On Nov 13, 47-year-old Tang Fuzhen shocked the nation by setting herself ablaze in an act of protest against the demolition of her former husband's garment processing unit in Chengdu, capital of southwestern Sichuan province.
Days later, the severely burned Tang succumbed to her injuries at a city hospital.
The act, while not an isolated instance of such an extreme form of protest against "forced demolitions", nevertheless left the nation in a daze.
Relatives and residents of Jinhua village in Chengdu's Jinniu district, where her ex-husband Hu Changming's 2,000-sq m building was located, have poured scorn on the local government for its inept handling of the issue.
Angry netizens too joined in, criticizing the local authorities for the violent way in which the law was enforced, even as the local government insisted it was only doing its job.
The uproar has yet to die down, and the incident has triggered a debate of sorts on the "forced demolitions" that are rampant across the nation.
Xiao Rong, a middle-aged government employee in Jinniu, is one such concerned citizen who has been following the tragic development ever since it happened.
"It is not just because it happened in my district, but because similar incidents have taken place across the country in recent years," Xiao told China Daily. "Any public-minded citizen has to follow the case."
The tragic tale has its genesis in 1996 when local authorities tried wooing investors to develop its economy. It was then that Hu signed an agreement to rent land, after paying 40,000 yuan ($5,880), for his planned three-story garment processing plant in the village.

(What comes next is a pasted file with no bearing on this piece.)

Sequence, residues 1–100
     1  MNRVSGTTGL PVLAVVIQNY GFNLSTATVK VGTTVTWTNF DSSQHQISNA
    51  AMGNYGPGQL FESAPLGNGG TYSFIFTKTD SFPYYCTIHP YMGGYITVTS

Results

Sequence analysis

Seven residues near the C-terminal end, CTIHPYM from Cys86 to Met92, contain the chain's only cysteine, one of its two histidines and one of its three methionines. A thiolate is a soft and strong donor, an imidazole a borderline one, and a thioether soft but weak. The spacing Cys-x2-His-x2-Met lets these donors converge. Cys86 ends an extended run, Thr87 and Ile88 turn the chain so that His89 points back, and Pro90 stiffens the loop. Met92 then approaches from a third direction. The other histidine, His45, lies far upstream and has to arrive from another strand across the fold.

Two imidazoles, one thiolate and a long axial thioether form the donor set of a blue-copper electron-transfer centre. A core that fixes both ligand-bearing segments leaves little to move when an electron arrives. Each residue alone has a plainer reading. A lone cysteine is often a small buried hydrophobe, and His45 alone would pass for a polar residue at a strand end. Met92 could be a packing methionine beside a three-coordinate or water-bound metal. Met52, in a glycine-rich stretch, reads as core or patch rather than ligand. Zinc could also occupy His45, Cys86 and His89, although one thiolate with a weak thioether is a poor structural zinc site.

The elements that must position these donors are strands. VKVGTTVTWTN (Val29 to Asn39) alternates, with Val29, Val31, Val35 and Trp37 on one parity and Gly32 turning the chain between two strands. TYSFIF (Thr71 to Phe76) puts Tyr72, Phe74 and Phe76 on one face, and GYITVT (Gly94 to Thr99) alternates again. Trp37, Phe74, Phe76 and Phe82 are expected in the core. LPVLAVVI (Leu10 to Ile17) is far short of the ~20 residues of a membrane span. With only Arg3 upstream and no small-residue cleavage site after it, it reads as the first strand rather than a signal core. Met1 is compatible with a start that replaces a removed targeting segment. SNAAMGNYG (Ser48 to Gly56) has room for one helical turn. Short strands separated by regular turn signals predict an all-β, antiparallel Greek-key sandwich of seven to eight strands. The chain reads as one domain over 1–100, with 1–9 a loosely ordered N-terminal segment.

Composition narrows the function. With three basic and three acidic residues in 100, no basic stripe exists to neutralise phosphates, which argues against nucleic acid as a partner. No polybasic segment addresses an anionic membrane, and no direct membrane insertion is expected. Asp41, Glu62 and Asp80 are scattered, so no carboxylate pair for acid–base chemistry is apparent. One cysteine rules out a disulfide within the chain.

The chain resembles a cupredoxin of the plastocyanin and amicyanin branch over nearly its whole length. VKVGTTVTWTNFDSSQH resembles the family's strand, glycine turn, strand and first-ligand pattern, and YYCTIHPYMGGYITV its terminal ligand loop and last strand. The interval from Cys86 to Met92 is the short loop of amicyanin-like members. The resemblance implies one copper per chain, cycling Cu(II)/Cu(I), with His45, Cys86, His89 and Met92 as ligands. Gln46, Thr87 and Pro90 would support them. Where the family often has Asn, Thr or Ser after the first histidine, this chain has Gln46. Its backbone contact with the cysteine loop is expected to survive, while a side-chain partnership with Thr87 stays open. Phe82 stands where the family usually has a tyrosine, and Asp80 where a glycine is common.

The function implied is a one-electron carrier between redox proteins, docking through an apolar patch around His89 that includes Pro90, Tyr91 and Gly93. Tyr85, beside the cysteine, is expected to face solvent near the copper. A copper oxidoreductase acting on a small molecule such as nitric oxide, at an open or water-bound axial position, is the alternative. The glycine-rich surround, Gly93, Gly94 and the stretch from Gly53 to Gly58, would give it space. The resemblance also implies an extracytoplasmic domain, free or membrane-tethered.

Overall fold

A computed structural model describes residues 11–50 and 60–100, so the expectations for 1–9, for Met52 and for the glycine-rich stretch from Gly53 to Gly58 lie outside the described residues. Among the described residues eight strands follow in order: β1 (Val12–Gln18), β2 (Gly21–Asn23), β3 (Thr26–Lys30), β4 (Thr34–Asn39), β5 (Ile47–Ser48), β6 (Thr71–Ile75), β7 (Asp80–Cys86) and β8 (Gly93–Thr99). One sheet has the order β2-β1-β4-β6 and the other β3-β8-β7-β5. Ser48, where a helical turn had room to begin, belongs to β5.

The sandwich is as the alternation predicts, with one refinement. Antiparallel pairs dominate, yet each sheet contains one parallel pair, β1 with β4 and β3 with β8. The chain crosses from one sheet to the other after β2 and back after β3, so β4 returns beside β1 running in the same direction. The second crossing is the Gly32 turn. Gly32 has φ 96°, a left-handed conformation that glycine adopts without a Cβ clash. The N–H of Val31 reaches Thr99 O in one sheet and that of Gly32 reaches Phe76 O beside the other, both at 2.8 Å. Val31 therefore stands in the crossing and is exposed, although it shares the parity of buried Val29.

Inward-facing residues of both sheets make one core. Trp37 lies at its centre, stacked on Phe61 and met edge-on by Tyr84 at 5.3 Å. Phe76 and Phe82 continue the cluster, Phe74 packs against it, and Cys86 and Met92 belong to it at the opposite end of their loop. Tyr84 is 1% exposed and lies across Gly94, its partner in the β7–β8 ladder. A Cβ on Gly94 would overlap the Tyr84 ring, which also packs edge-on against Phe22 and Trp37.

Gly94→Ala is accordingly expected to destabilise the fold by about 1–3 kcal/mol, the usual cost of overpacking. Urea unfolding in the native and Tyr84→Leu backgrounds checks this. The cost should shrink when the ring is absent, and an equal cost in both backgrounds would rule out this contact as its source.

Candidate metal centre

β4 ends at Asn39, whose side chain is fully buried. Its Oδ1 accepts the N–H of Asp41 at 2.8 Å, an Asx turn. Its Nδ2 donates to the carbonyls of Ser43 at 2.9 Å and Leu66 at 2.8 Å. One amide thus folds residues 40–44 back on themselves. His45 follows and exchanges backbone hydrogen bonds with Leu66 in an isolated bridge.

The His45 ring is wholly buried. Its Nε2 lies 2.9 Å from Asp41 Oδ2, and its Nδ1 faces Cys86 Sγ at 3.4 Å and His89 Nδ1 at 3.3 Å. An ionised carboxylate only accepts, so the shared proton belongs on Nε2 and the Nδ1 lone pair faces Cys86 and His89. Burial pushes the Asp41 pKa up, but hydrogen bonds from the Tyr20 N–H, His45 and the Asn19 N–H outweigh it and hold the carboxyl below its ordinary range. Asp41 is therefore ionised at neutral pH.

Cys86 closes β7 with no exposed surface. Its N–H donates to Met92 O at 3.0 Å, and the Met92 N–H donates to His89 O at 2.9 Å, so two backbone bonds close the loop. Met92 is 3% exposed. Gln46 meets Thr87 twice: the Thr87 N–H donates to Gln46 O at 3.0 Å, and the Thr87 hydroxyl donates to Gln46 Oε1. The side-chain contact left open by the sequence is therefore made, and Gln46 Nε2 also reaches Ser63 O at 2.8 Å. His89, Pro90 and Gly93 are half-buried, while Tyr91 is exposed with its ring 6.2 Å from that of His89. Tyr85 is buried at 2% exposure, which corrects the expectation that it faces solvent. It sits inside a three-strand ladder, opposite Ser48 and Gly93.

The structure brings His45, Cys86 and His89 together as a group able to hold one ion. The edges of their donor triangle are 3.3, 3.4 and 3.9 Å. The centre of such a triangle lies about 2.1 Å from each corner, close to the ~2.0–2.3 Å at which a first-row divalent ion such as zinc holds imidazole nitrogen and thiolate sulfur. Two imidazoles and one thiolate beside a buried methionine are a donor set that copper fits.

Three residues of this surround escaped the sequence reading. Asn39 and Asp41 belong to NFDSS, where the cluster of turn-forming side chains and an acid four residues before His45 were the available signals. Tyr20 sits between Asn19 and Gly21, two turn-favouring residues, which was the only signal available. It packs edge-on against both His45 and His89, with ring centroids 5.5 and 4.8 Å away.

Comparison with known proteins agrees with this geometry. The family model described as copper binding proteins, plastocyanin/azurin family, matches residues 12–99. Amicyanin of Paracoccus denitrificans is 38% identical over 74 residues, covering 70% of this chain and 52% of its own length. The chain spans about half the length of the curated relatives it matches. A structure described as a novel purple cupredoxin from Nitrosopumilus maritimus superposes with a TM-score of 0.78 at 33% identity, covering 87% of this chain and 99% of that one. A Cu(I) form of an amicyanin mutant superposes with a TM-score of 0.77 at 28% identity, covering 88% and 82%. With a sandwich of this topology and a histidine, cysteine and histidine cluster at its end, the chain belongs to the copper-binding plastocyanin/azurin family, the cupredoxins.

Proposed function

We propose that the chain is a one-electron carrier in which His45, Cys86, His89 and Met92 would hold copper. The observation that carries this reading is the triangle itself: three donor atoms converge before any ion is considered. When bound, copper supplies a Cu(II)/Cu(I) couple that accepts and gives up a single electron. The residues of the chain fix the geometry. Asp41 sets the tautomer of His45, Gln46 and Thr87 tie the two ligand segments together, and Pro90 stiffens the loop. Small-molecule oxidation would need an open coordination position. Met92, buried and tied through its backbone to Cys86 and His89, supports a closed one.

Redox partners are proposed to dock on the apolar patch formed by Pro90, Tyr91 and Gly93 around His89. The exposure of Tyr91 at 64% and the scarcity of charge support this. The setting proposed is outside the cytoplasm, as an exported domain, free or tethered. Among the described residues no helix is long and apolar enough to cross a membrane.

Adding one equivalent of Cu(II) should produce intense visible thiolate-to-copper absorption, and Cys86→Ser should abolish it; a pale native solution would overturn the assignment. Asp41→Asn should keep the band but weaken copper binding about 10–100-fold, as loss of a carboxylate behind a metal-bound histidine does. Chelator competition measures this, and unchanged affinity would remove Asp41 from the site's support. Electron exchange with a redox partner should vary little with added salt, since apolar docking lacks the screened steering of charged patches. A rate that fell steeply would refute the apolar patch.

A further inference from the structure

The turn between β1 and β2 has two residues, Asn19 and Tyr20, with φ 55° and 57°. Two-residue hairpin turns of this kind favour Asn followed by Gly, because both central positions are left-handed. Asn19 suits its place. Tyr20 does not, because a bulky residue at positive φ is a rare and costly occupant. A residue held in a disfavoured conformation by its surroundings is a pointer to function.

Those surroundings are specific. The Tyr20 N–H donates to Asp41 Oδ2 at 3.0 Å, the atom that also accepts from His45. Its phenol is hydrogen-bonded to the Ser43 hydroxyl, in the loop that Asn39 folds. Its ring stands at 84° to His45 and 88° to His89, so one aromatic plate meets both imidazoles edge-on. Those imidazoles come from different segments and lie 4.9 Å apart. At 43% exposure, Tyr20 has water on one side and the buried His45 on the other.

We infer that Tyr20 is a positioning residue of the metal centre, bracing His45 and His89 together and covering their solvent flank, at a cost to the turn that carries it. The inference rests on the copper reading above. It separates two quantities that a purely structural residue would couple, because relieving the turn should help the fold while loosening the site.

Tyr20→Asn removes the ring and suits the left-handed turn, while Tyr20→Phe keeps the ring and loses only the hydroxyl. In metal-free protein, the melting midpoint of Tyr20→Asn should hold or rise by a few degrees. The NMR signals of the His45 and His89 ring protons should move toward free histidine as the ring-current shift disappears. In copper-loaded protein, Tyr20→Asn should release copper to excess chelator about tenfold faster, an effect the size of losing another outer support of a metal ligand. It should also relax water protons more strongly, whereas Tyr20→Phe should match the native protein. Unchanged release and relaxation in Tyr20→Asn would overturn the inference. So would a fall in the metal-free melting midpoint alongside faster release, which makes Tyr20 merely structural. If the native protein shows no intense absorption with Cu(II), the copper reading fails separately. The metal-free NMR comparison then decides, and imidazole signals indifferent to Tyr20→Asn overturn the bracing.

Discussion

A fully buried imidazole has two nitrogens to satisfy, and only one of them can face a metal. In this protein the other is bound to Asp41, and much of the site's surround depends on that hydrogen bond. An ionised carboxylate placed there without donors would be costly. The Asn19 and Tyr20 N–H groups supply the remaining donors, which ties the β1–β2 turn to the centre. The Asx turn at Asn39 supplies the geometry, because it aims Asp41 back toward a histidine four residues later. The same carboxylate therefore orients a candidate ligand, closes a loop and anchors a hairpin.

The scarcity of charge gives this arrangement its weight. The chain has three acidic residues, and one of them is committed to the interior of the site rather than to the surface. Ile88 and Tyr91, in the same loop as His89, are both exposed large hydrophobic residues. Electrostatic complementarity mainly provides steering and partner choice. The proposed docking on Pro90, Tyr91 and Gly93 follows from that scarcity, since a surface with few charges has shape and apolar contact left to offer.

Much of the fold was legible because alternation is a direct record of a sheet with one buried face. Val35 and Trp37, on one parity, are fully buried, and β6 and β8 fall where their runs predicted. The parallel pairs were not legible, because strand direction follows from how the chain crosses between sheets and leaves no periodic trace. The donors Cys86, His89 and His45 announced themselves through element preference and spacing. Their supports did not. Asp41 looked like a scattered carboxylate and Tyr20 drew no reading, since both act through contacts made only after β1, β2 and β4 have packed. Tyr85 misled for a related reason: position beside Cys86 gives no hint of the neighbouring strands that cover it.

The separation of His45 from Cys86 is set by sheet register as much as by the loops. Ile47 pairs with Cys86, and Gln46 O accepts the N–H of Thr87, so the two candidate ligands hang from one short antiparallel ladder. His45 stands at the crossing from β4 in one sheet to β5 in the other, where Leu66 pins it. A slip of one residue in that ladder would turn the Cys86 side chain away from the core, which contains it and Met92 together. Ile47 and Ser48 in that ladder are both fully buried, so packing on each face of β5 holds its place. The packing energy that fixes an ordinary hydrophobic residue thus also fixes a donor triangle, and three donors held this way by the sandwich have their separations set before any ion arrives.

Hu's troubles started in August 2007 when the district government decided to link two roads in order to lay underground pipelines for a sewage treatment plant in the city. Hu's building, unfortunately, stood in the way of the road project.
When the district's urban management and law enforcement bureau started negotiating with him (19 times, according to the bureau) to compensate for the demolition, Hu asked for at least 8 million yuan ($1.17 million), the bureau officials said.
The department, however, believed that the construction cost of each sq m of the building had not crossed 1,000 yuan when it was built, said Zhong Changlin, the bureau's chief.
After repeated negotiations failed, the bureau decided to forcibly dismantle the building, labeling it illegal on the grounds that Hu did not possess a construction permit and that he had failed to obtain proper land use papers from relevant government departments.
The bureau's first demolition attempt was foiled in April this year when Tang, whom Hu had divorced in 2004, threatened suicide.
In the wee hours of the morning of Nov 13, however, Zhong and his men arrived again to demolish the building. But Tang, together with her relatives and those of her ex-husband's, threw rocks and bottles filled with gasoline at them, injuring at least 10 of his squad, Zhong said later.
Nearly three hours into the melee, Tang, who had poured gasoline all over her body, set fire to herself.
The building was dismantled despite the violent suicide. Eight members of Tang's and her ex-husband's family were detained. District officials soon blamed them for "violently blocking the enforcement of law", a charge that they announced at a press conference held last Thursday in the city.
On the contrary, witnesses say, the fully armed demolition squad was the one that violently went about its demolition task.
Top: Tang Fuzhen is seen setting fire to herself in this TV screen grab. (Above): She is carried down from the roof and taken to hospital where she subsequently succumbed to her injuries.